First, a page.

PHNOM PENH (Reuters) - Cambodian Prime Minister Hun Sen on Wednesday dismissed a threat from the European Union (EU) to halt special trade privileges with the Southeast Asian country over human rights, saying Britain’s exit from the bloc will ease the pain of sanctions.
The EU has threaten to suspend the Everything But Arms (EBA) trade scheme with Cambodia after a European Commission report found that Hun Sen’s government has cracked down on the opposition, civil society groups and the media.
It has given Cambodia a Dec. 12 deadline to respond to the allegations.
“I don’t care, if (they) want to do whatever, do it,” Hun Sen said in a speech at a university graduation ceremony in the capital Phnom Penh.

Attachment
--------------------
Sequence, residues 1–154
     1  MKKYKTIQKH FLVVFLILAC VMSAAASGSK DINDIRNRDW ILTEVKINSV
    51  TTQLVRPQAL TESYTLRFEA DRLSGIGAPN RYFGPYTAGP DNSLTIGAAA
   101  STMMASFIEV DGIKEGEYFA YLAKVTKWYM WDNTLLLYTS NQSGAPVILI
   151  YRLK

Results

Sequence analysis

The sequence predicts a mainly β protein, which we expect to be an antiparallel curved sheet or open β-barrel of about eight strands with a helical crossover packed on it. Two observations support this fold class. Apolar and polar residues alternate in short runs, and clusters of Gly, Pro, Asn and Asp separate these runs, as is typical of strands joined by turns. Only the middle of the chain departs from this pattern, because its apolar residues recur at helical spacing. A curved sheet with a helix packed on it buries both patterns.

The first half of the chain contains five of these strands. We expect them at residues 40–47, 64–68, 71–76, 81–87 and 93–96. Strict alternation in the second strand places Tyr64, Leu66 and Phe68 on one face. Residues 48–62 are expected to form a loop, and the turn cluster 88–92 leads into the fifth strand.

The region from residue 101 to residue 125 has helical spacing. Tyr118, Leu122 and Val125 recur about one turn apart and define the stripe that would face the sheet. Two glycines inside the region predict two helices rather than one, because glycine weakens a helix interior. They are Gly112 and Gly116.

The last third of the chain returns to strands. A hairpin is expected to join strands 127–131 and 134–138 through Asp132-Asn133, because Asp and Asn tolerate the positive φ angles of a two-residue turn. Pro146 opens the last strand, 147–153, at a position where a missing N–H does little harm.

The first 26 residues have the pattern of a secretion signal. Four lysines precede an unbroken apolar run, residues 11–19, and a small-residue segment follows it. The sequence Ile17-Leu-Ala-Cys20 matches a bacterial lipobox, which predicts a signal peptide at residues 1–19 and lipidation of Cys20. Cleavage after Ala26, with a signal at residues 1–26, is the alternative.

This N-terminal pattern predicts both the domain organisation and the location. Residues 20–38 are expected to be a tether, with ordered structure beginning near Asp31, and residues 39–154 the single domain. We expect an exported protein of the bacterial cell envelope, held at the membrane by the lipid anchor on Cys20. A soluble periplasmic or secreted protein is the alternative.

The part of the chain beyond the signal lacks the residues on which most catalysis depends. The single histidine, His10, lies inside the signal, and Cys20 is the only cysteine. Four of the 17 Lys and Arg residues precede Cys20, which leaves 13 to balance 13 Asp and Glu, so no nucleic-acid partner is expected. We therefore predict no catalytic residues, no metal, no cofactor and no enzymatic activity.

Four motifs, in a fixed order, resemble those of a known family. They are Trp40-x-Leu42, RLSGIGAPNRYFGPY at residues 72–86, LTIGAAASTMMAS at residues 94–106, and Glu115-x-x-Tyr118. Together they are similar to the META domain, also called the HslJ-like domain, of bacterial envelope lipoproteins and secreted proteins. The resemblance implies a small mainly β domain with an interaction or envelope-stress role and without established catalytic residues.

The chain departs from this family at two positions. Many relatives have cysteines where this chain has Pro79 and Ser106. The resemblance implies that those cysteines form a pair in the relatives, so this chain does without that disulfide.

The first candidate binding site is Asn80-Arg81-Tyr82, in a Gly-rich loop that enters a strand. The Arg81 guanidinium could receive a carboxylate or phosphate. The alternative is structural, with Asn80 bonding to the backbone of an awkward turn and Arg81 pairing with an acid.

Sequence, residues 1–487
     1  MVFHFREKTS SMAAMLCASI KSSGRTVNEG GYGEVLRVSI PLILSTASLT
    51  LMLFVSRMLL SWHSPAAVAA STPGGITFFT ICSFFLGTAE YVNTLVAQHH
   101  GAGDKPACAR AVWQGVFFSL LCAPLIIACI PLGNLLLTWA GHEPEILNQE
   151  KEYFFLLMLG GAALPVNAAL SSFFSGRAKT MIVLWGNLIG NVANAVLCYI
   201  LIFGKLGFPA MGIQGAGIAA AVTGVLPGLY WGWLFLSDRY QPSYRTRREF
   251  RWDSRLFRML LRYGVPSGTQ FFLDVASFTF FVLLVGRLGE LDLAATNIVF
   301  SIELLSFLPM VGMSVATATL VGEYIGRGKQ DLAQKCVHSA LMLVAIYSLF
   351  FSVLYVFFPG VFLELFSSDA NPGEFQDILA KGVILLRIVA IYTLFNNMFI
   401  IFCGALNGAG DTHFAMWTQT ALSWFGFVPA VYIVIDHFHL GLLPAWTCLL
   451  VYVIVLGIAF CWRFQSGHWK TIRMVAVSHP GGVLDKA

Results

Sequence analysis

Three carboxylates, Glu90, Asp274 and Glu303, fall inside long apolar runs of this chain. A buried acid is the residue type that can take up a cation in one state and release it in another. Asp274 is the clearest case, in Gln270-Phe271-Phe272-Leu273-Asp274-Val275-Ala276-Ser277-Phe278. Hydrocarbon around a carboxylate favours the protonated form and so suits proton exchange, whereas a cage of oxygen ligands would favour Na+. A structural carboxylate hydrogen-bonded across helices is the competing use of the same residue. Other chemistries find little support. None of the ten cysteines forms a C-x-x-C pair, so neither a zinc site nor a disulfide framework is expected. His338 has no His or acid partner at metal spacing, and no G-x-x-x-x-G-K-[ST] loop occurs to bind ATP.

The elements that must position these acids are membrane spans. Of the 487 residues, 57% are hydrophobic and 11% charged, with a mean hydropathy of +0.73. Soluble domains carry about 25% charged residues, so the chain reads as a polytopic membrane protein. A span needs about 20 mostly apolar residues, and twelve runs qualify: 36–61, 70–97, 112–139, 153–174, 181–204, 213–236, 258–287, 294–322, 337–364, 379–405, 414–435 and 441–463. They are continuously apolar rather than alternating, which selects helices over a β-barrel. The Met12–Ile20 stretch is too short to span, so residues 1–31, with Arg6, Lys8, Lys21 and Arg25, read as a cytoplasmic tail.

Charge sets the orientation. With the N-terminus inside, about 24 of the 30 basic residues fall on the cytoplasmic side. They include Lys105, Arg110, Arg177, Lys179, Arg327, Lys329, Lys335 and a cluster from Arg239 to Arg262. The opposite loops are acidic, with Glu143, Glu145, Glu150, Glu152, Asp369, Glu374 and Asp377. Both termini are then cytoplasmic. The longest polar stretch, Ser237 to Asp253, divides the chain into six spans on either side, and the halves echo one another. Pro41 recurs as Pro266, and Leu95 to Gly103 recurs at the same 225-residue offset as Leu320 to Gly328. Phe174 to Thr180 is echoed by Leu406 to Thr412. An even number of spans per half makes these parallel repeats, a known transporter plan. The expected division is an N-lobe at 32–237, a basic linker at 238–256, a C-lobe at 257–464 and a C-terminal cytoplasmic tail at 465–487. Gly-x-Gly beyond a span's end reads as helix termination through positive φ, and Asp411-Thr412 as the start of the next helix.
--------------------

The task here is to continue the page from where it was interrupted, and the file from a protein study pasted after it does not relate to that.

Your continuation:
The Cambodian leader who has been in power for more than 34 years said he believes Britain’s exit from the EU will ease sanction pressure on Cambodia because Britain will continue to buy goods from Cambodia despite the EU’s decision on the matter.
“We are watching Brexit because of total exports to the European Union, we export the most to England,” Hun Sen said.
“After the exit, England’s economy will still be good and will be able to place even more orders from Cambodia,” he said.
The European Union accounts for nearly half of Cambodia’s exports, with Germany being the largest export market for Cambodia, taking roughly 11 percent of its goods, while Britain is the second largest, buying over 8 percent of goods from the Southeast Asian country, official data shows.
Western countries have condemned the arrest of opposition leader Kem Sokha, who was arrested in 2017 before his opposition Cambodia National Rescue Party (CNRP) was banned ahead of an election last year.
Kem Sokha was freed from house arrest last month but a ban on his political activity was kept in place. His trial will begin on Jan. 15.
Reporting by Prak Chan Thul; Editing by Jacqueline Wong